By: Ross Weber
I was hunting the evening of October 13th 2015. The conditions were windy (strong west wind), overcast, and cold. I first saw the buck around 6:15 and let the arrow fly around 6:20. As soon as I saw him I knew he was a shooter. He was taking his time eating acorns as he approached a shooting lane. I figured it to be about a 40 yard shot to where it looked like he may give me a shot. I make judging distance easier on myself by marking a few trees in each direction at 30 yards. I then can compare that to where the deer is standing, rather than having to worry about fumbling around with my range finder during a high pressure situation.
Ross with his giant Washington County Buck.
He was slightly quartering toward me from right to left, but mostly broadside. While I was waiting for the shot I was doing everything I could do to calm myself down and not focus on the rack. I remember focusing on the tail and body and saying to myself it’s just like a doe.
After roughly 5 minutes of waiting (which seemed like 20) he finally stepped into a shooting lane at 35 yards. I was able to draw back while he was looking straight forward and let the arrow fly. As soon as he was hit he tore off in my direction and I could see one of his front legs dragging and no arrow sticking out of him. I was happy to see the leg dragging because I knew I had hit him, but worried because shoulder shots do not usually kill deer. His tail was also in the air which is not typically a good sign.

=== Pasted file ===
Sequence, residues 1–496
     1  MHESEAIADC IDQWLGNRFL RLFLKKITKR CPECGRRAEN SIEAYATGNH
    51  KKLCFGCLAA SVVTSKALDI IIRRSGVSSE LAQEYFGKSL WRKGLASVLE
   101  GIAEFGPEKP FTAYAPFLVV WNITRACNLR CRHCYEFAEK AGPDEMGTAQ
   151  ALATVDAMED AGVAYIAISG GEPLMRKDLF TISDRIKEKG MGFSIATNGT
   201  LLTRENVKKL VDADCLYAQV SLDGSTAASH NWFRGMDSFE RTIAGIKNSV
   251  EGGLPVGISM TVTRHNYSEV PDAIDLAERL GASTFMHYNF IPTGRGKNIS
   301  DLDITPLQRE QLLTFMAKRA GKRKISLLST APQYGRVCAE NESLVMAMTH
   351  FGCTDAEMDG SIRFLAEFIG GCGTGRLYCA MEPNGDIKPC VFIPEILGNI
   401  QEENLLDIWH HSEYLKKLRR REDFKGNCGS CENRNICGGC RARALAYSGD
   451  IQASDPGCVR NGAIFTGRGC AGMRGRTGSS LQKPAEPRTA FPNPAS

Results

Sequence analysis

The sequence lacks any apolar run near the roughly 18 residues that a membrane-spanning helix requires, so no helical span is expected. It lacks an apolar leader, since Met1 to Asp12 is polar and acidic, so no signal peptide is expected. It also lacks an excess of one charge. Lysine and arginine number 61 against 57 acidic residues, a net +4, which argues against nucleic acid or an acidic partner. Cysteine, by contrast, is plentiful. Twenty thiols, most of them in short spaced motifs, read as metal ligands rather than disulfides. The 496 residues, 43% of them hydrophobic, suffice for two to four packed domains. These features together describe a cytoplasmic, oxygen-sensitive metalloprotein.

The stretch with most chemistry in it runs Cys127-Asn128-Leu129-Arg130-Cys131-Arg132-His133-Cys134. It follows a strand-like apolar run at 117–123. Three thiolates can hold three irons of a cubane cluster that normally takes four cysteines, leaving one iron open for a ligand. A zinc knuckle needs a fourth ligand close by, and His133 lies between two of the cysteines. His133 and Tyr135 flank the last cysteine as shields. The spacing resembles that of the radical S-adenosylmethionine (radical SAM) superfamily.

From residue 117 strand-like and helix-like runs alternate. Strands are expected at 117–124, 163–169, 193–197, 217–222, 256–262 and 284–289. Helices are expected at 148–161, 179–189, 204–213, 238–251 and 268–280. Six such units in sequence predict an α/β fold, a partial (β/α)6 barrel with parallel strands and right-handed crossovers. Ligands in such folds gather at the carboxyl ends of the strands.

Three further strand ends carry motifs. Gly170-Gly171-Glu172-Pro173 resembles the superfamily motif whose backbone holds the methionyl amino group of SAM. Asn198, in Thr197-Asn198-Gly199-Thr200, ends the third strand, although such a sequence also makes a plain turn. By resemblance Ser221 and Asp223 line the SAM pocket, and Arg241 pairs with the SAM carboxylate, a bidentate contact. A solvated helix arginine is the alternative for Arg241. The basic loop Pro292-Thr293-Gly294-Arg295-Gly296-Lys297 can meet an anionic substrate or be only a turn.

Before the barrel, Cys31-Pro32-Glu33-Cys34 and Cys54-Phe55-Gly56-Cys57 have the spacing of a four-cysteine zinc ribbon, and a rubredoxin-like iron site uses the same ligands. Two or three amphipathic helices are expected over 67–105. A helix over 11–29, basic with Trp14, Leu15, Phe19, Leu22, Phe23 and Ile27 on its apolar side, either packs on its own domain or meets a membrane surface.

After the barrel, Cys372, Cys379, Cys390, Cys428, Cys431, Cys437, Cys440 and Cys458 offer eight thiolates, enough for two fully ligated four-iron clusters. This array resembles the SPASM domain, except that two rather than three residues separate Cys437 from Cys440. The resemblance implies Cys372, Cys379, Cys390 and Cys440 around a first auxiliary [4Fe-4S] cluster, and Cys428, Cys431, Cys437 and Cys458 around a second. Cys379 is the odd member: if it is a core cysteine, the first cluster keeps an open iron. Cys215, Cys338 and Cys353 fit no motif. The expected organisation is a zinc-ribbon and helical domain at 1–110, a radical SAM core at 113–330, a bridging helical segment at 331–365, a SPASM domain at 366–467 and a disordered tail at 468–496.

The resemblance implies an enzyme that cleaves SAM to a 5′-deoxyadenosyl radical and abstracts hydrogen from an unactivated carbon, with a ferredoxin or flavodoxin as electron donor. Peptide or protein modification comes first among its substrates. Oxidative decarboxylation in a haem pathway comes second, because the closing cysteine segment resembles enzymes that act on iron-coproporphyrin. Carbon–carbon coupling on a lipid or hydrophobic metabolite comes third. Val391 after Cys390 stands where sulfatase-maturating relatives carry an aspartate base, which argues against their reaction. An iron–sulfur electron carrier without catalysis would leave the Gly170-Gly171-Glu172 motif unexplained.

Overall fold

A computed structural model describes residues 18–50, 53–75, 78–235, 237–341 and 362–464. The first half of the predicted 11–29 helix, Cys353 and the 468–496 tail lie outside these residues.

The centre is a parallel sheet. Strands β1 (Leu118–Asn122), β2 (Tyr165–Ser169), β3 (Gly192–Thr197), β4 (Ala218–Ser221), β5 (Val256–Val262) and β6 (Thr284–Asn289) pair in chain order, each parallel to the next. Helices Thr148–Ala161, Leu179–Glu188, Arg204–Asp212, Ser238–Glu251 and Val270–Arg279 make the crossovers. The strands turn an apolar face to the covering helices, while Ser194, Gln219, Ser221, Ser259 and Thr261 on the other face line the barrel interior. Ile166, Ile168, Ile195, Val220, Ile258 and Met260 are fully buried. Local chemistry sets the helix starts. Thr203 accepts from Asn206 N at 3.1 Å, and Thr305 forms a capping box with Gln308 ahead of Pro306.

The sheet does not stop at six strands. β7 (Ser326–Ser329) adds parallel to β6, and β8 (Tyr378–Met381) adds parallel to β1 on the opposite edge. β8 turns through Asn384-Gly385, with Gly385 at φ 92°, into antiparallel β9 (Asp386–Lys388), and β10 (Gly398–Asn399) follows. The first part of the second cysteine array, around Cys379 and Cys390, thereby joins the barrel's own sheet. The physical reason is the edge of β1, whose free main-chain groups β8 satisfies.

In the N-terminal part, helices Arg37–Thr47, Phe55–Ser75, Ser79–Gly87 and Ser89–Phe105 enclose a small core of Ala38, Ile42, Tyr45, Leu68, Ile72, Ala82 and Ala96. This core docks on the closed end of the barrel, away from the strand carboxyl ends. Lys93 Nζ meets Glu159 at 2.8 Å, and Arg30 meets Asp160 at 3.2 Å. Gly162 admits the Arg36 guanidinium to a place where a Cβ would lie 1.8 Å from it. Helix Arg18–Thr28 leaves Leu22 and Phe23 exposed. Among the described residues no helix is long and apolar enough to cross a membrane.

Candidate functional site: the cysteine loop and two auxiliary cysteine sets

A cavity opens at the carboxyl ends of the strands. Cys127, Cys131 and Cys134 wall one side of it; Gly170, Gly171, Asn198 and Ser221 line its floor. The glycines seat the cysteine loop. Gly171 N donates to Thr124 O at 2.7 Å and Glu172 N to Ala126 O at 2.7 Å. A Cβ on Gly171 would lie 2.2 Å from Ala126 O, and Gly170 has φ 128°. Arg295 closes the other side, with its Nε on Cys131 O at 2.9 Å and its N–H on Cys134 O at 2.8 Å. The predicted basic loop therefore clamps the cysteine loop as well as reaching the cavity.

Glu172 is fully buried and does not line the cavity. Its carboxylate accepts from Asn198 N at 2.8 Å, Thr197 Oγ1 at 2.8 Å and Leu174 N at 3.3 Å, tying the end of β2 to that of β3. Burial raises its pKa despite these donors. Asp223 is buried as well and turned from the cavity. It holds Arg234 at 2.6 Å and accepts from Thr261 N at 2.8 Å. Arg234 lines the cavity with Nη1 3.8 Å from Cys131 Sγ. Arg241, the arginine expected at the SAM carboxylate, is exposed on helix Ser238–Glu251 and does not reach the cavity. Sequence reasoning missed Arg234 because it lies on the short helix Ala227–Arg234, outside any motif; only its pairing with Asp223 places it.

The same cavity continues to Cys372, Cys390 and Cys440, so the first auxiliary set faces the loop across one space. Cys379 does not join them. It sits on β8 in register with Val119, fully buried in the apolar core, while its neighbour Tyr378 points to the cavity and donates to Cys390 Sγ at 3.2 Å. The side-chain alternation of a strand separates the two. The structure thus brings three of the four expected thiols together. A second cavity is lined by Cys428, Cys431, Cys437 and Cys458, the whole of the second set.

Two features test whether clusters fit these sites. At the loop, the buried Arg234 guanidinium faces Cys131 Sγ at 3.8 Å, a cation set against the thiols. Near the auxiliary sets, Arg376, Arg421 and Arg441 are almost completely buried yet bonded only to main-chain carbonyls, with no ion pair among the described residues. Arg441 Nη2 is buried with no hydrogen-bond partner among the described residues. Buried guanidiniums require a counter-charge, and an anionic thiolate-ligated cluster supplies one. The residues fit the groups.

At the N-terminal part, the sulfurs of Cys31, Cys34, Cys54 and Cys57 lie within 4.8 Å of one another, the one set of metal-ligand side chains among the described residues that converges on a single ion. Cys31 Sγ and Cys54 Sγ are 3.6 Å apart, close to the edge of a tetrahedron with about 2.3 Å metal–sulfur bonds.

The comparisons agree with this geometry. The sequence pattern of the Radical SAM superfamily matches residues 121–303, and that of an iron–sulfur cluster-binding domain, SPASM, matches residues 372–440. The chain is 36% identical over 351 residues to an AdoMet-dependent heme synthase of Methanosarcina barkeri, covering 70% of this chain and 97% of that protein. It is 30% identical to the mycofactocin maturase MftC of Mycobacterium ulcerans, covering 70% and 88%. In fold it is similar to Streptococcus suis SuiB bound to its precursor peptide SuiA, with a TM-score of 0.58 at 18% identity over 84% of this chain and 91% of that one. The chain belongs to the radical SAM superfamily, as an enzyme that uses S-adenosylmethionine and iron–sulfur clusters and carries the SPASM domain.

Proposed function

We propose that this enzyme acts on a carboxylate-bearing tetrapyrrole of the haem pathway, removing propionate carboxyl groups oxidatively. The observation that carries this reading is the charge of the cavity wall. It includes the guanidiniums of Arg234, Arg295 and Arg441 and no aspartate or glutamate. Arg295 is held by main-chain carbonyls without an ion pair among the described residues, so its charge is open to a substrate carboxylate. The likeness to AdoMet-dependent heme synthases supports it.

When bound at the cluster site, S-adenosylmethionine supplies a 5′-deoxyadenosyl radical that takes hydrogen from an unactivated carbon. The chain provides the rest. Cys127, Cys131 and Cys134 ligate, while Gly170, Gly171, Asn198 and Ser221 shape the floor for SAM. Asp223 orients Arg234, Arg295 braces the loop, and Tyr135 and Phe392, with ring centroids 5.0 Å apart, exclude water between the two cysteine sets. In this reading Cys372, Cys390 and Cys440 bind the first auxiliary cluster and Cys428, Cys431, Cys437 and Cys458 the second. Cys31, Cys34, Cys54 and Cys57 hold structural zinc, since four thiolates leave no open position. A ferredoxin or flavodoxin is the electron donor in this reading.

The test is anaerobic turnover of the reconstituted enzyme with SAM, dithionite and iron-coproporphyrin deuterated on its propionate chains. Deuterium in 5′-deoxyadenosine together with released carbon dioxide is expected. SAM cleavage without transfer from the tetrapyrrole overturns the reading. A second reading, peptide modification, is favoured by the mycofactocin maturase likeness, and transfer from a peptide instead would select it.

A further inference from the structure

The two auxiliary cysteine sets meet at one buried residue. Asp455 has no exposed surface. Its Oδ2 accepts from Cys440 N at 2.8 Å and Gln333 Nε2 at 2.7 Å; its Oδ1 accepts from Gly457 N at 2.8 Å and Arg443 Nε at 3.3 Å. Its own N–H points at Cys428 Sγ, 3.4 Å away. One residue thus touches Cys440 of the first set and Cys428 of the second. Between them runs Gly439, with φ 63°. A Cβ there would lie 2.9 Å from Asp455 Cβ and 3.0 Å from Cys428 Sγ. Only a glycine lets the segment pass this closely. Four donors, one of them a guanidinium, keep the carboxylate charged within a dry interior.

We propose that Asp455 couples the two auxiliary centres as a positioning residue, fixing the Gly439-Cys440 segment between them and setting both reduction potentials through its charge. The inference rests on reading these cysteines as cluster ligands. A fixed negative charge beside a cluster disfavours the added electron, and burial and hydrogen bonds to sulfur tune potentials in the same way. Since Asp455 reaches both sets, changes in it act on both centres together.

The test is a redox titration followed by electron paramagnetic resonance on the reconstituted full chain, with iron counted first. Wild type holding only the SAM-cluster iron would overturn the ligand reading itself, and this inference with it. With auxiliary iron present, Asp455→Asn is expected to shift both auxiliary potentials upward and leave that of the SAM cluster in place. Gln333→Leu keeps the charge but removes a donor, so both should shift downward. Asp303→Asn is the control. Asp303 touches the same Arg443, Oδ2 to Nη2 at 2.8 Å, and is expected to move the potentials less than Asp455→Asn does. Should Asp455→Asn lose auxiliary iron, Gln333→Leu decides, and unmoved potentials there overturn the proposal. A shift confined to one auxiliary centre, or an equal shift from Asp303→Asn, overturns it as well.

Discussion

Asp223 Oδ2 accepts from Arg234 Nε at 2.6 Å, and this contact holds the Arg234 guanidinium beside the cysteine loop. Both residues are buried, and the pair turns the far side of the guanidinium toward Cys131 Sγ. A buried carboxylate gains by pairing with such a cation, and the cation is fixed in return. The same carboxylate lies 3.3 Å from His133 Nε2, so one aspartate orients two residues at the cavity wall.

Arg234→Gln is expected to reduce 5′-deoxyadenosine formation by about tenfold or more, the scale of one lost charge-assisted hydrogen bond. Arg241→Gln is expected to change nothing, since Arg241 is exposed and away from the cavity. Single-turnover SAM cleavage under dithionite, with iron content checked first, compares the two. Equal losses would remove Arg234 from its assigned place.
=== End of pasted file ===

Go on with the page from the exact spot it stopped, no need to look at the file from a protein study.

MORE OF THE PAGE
I watched him run about 100 yards to where he disappeared out of sight. Since I knew he was a ways off I climbed down from the tree right away and went to the spot where he was standing. I found bright red blood right away, but not a ton. My arrow was laying on the ground about 5 yards into the blood trail, broken off at the tip with about 4 inches of blood up the shaft. I called my brother Austin and told him I had hit a giant, but wasn’t sure of how well I hit him.
He proceeded to ask, “With the bow? Or with the truck?”
I chuckled and told him with the bow. He said he could hardly understand me, of which I blame my stumbling on the adrenaline.
The quartering towards shot entered in front of the closest shoulder and hit the off-side shoulder breaking the arrow on impact.